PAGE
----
Nobel Prize Awarded for Stem Cell Reprogramming
Two sets of experiments, performed 40 years apart, have been recognized with today’s Nobel Prize in Physiology or Medicine.
Cambridge University’s John Gurdon won for showing that adult cells contain all the genetic information necessary to create every tissue in the body. That work set the stage for Shinya Yamanaka, who demonstrated that a relatively simple process could convert adult cells into embryonic stem cells. That development is already opening new avenues of research, and it holds the promise of new ways to repair tissues damaged by injury or disease.
…Stem cell work in general has raised the prospect that we could repair injured or damaged tissue with newly generated cells that are just as specialized as the ones they are replacing. But Yamanaka’s work has turned that prospect into a vision of on-demand tissues, generated with a simple lab procedure, and a perfect genetic match for their recipient. The cells produced with the procedure he pioneered don’t seem to be an exact match for cells derived from embryos, but it appears that they may be close enough that the difference doesn’t matter.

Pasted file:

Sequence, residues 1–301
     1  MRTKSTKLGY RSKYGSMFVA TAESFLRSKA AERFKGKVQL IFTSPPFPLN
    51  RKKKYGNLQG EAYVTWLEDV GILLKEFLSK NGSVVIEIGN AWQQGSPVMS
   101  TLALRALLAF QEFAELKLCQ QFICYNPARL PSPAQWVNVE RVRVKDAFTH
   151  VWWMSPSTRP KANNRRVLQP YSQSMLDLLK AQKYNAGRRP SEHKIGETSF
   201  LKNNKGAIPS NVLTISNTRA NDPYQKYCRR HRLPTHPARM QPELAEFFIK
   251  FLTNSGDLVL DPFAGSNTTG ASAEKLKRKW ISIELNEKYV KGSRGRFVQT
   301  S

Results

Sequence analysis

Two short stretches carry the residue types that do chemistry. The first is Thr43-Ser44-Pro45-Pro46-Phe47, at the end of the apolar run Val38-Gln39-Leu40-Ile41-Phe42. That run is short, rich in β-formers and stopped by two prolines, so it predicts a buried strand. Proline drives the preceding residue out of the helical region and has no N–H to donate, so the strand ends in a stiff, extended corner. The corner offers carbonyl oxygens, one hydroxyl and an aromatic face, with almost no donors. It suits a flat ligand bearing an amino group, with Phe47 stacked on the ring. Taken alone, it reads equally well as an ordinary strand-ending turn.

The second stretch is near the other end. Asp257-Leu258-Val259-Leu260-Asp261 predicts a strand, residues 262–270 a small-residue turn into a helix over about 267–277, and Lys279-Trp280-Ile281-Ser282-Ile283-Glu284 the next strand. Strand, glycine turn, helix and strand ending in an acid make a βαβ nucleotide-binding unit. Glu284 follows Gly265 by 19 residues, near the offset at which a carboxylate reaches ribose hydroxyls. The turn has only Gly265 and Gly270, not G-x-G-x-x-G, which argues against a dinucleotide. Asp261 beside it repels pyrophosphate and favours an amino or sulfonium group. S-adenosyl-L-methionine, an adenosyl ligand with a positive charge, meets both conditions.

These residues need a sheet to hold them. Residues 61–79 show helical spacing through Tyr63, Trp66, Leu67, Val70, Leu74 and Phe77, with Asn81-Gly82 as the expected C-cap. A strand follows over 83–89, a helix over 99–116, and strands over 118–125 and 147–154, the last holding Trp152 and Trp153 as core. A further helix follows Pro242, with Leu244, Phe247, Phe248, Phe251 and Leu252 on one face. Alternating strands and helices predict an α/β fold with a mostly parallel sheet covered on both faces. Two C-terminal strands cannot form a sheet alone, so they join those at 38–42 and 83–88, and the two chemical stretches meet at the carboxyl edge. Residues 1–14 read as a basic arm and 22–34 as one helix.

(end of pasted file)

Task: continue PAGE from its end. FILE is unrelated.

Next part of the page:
…it’s widely accepted that Gurdon’s work fostered a change in perspective that was necessary for people to even start thinking about the studies that eventually led to stem cell manipulations. …Two years ago, Gurdon and Yamanaka were honored with a Lasker Prize, which often precedes Nobel status.
(via A not-so-simple twist of fate: Nobel awarded for stem cell reprogramming | Ars Technica)